Wednesday, March 05, 2014

Homophobia around the World

The International Lesbian and Gay Association’s 2008 report on state-sponsored homophobia says that to be lesbian or gay risks jail time in 86 countries and death penalty in seven.
The research deals only with legislation criminalising consensual sexual acts between persons of the same sex in private above the age of consent. In addition to those 86 countries, there are six provinces or territorial units which also punish homosexuality with imprisonment, said ILGA.

"Although many of the countries listed in the report do not systematically implement those laws, their mere existence reinforces a culture where a significant portion of the citizens needs to hide from the rest of the population out of fear," said Rosanna Flamer-Caldera, co-secretary general of ILGA. "A culture where hatred and violence are justified by the state and force people into invisibility or into denying who they truly are."

"Whether exported by colonial empires or the result of legislations culturally shaped by religious beliefs, if not deriving directly from a conservative interpretation of religious texts, homophobic laws are the fruit of a certain time and context in history. Homophobia is cultural, not inborn. People learn it as they grow."

This year, a list of countries according to their legislations affecting lesbian and gay people has also been included. This allows readers to get a quick and comprehensive overview on the legal situation in the world, from countries penalising homosexual activity with death penalty to the few ones allowing adoption for same-sex couples. Along the same lines, ILGA has published a map on gay rights that can be used to raise awareness of people on the many laws affecting gay people in the world.

Philipp Braun, co-secretary general of ILGA, said: "In many cases, prejudice against homosexual people is the result of ignorance and fear. This long catalogue of horrors is but a tale of the intolerance against what is foreign and different. Decriminalisation of same sex activity is as urgent as ever. The fight for the respect of every minority has to be everyone’s fight. We believe that the recognition of sexual minorities as components of our civil societies and the acknowledgement of the equality of their human rights can contribute to learning how to live together, that is, the learning of democracy."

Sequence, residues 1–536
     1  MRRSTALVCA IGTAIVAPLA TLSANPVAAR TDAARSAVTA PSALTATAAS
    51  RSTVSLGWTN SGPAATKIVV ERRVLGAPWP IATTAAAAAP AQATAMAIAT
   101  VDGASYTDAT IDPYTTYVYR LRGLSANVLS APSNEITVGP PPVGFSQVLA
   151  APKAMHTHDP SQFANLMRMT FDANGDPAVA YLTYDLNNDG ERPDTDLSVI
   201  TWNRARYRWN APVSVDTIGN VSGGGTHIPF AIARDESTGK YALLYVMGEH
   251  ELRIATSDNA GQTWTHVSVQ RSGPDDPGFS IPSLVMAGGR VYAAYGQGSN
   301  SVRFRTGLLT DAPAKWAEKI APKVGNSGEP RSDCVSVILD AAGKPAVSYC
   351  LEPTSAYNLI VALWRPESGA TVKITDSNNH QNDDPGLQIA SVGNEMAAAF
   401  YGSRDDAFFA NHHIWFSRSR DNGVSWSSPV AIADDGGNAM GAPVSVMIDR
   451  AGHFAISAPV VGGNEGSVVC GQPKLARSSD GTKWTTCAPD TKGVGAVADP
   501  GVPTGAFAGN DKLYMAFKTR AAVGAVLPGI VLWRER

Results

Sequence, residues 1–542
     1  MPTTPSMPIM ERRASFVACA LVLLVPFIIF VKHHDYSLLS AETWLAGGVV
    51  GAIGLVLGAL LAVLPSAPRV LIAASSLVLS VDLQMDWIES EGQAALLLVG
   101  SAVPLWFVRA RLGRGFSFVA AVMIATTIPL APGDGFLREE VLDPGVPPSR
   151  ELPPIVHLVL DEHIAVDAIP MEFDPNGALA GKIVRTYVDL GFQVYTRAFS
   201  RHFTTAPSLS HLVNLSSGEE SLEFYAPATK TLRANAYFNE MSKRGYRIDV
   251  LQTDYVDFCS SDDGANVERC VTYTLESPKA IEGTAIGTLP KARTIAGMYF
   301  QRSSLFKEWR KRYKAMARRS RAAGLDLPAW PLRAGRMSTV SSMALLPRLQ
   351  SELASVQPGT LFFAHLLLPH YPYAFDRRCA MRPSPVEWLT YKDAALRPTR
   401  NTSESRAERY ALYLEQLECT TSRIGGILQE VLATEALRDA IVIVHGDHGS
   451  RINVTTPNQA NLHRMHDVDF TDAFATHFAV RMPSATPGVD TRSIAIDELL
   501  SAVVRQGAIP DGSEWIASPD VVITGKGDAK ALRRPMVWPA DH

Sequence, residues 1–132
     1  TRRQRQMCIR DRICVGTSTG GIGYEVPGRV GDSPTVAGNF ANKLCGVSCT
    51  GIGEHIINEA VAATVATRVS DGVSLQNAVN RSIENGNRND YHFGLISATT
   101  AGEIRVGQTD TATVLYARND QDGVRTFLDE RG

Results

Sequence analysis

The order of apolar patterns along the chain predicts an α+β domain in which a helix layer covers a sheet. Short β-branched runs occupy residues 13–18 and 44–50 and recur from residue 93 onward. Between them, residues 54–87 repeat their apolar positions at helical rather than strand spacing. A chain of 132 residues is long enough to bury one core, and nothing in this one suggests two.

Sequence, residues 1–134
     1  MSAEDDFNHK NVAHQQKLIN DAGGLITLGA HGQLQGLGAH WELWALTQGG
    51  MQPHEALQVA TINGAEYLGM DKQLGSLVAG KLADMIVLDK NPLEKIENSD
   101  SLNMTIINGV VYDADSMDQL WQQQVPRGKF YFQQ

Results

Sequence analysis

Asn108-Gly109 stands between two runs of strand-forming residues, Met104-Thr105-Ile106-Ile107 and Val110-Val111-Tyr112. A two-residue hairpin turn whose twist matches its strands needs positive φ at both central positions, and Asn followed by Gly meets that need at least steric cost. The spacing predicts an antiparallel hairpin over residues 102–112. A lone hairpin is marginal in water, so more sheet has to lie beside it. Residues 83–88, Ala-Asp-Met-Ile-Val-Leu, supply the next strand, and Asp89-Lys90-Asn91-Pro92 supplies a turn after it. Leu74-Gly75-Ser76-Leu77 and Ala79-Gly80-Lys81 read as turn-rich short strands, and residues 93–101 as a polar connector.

"It is important to set this debate where it belongs: on the human rights agenda. Altogether 60 countries have publicly supported sexual orientation as an issue at the United Nations Commission on Human Rights/Human Rights Council since 2003.
ILGA's 2008 report on state homophobia around the world is available at

On July 19th 2005, Iranian teenagers Mahmoud Asgari, 15 and Ayaz Marhoni, 17, were hanged for perverting Islamic law.

Furthermore, the Pew Research Center carried out a global survey in 2014, called Global Attitudes Project, asking:  Do you personally believe that homosexuality is morally acceptable, morally unacceptable, or is it not a moral issue in your country? Half or more in most of the 40 nations polled say that homosexuality is unacceptable. Nine-in-ten or more hold this view in seven nations. However, Europeans are much less likely to say homosexuality is unacceptable – this is especially true in Spain, Germany, the Czech Republic, France, Britain, and Italy, where about 20% or fewer express this opinion. Click on link for statistics results.

1 comment:

Antonio said...

It´s totally unacceptable that people can´t show their love on 21 century.

Each racist, homophobic, etc, crime is a brutal offense against the whole humanity.